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Sri Lanka reverses decision to bury COVID-19 victims on remote island after protests

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A section of people from Iranaitivu island, located in the Gulf of Mannar within the Northern Province in Sri Lanka. Image by Ruki Fernando via Groundviews. Used under a content sharing agreement.

A section of people from Iranaitivu island, located in the Gulf of Mannar in northern Sri Lanka. Image by Ruki Fernando via Groundviews, used under a content-sharing agreement.

On March 2, the Sri Lankan government announced that it would allow the burial of COVID-19 victims from Muslim and Christian communities at one location—on the “thinly populated” island of Iranaitivu in the Gulf of Mannar, 300 km from the capital, Colombo.

This decision came after the country lifted an 11-month ban on the burial of COVID-19 victims, on February 26. The ban had been in place partly on the premise that burying those who had died from the disease might lead to contamination of the groundwater, but it went against religious practices of the Muslim and Christian minorities in the majority Buddhist country.

However, the islanders of Iranaitivu, home to around 360 families, protested against the government’s decision to use the island as a burial site, many claiming that this would create a division in the solidarity between the ethnic Tamil and Muslim communities — the government had ignored areas suggested by the Muslim community, choosing instead a Tamil area, that is still reeling from the effects of prolonged military occupation and the Sri Lankan Civil war.

Dr Kumaravadivel Guruparan, Former Senior Lecturer in Law at the University of Jaffna tweeted in agreement:

On March 5, Fisheries Minister Douglas Devananda came out in support of the villagers saying that the Iranaitivu island was not suitable for the burial of COVID-19 victims. Three days later, he confirmed that the government had suspended the decision to bury victims of the disease on the tiny twin-island.

On March 8, government authorities stated that they were no longer considering Iranaitivu as a burial site and started burying COVID-19 victims at Oddamavadi, a town located in the Batticaloa district in the Eastern Province of Sri Lanka.

Why people in Iranaitivu protested

Location of the Iranaitivu Island in Sri Lanka. Screenshot from Google Map.

Location of Iranaitivu Island in Sri Lanka. Screenshot from Google Maps.

Iranaitivu (or Iranaitheevu) is a double island, and its north and south parts (Periyathivu and Sinnathivu) are joined by a small piece of land. During the 30-year long Sri Lankan Civil War (1982-2009), the island, mostly inhabited by a community of ethnic Tamil fishers, was within the area of military conflict. In 1992, a naval base was set up there and the islanders were relocated, forced to abandon their homes and cattle.

In April 2018, a predominantly female group of about 300 former islanders accompanied by Roman Catholic priests, fishers, local journalists and civil rights activists in a 40-strong fishing boat flotilla had arrived on Iranaitivu to re-establish residence there. But they were sent back by the navy. However, after a month, the government allowed the former inhabitants, even those without land titles, to stay. During the following years, the government and the navy began to rebuild some infrastructure for the population.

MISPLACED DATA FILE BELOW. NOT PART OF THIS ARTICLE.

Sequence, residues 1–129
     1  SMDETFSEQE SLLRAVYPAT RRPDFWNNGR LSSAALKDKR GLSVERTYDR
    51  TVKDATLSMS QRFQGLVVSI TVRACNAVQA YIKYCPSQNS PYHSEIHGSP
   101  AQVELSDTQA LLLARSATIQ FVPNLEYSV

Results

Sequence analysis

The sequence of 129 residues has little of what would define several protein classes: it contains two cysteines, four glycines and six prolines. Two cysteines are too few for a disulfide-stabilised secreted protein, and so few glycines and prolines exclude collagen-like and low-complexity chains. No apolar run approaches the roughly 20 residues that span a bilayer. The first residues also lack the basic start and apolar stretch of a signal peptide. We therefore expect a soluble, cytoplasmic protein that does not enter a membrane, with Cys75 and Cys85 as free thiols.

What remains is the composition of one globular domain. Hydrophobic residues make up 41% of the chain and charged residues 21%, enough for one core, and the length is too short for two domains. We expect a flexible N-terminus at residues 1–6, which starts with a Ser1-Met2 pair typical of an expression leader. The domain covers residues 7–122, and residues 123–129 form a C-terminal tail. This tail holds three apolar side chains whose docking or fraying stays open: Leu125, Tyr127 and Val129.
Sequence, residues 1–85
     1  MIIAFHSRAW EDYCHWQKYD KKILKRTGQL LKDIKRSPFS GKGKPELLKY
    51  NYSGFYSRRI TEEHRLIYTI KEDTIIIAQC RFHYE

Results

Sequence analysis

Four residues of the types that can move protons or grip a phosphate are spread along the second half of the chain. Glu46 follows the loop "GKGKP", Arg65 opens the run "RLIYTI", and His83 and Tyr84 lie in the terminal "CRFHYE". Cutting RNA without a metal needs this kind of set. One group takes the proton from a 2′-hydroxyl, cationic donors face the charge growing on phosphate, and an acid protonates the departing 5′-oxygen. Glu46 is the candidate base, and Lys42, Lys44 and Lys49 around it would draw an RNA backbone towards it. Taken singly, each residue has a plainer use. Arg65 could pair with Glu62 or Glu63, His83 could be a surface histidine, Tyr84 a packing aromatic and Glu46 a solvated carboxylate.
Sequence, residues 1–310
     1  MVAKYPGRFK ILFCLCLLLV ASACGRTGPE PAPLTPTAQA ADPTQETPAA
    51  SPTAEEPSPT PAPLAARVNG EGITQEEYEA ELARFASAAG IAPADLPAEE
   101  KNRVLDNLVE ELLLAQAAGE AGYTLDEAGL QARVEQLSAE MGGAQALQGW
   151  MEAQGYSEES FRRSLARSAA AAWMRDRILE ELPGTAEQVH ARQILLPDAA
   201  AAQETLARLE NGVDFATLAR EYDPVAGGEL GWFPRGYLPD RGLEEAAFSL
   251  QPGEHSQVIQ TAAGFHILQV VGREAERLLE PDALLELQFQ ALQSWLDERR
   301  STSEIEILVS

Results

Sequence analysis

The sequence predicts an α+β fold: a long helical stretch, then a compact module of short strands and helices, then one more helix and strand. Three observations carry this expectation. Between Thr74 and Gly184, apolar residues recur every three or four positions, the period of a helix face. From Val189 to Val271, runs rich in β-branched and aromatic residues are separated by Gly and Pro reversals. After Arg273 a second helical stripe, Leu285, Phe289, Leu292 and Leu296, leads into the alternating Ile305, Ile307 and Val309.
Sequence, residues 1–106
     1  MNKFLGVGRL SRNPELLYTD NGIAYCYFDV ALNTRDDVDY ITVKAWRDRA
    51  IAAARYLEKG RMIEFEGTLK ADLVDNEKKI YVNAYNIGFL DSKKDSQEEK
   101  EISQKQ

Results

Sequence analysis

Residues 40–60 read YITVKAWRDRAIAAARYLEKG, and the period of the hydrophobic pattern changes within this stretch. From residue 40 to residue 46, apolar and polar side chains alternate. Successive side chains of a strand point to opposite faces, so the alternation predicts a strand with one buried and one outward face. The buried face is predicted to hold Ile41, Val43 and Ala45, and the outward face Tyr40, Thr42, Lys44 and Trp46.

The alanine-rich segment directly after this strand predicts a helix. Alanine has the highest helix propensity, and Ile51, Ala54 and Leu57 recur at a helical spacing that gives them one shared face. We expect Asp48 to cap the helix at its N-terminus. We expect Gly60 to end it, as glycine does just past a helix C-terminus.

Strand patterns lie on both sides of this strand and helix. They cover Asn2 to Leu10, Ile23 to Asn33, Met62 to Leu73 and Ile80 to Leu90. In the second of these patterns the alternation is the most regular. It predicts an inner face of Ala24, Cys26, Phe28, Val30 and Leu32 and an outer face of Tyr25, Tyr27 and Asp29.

The locals raised several concerns in their protest against the decision to use the island as a COVID-19 burial site.

Citizen journalism portal Groundviews tweeted:

The villagers continued their protests even as the navy started digging the graves.

Mari tweeted:

Journalists and activists were prevented from visiting the island amid the protests.

Ambika Satkunanathan, the former commissioner of the Human Rights Commission of Sri Lanka, asked:

Human rights activist Ruki Fernando visited Iranaitivu on March 9 and tweeted:

Fernando also highlighted the withholding of basic infrastructure development on the island by successive governments in a photo story published in Groundviews.

The Holy Family Convent where the nuns resided is now in ruins. Image by Ruki Fernando via Groundviews. Used under a content sharing agreement.

The Holy Family Convent is now in ruins. Image by Ruki Fernando via Groundviews, used under a content-sharing agreement.

The ban on burials

Despite opposition from the Muslim community (10 per cent of the population), Sri Lanka amended the Quarantine and Prevention of Diseases Ordinance in April 2020, to make cremation compulsory for those dying from COVID-19. Some health officials cited the fear of groundwater contamination behind the decision. Leaders from the Muslim communities and the civil society pointed out that Islam prohibited cremation and the decision contravened the World Health Organisation (WHO) guidelines on COVID-19 deaths which allowed both cremation and burials.

In January 2021, Kenneth Roth, Executive Director of Human Rights Watch tweeted:

There were numerous online and offline protests in the country demanding burials be allowed. Blogger Amalini De Sayrah tweeted about one such protest in December 2020.

After months of pressure from local and international communities and the U.N., the government reversed the controversial order on February 25. Amnesty International said in a statement:

“The decision (reversing the burial ban) is a testament to the tireless struggle of families of victims, activists, and members of the Muslim community.”

Over 500 people have died from COVID-19 in Sri Lanka so far, around 300 of whom were from minority communities.

This article is: Creative Commons — Attribution 3.0 Unported — CC BY 3.0 globalvoices.org

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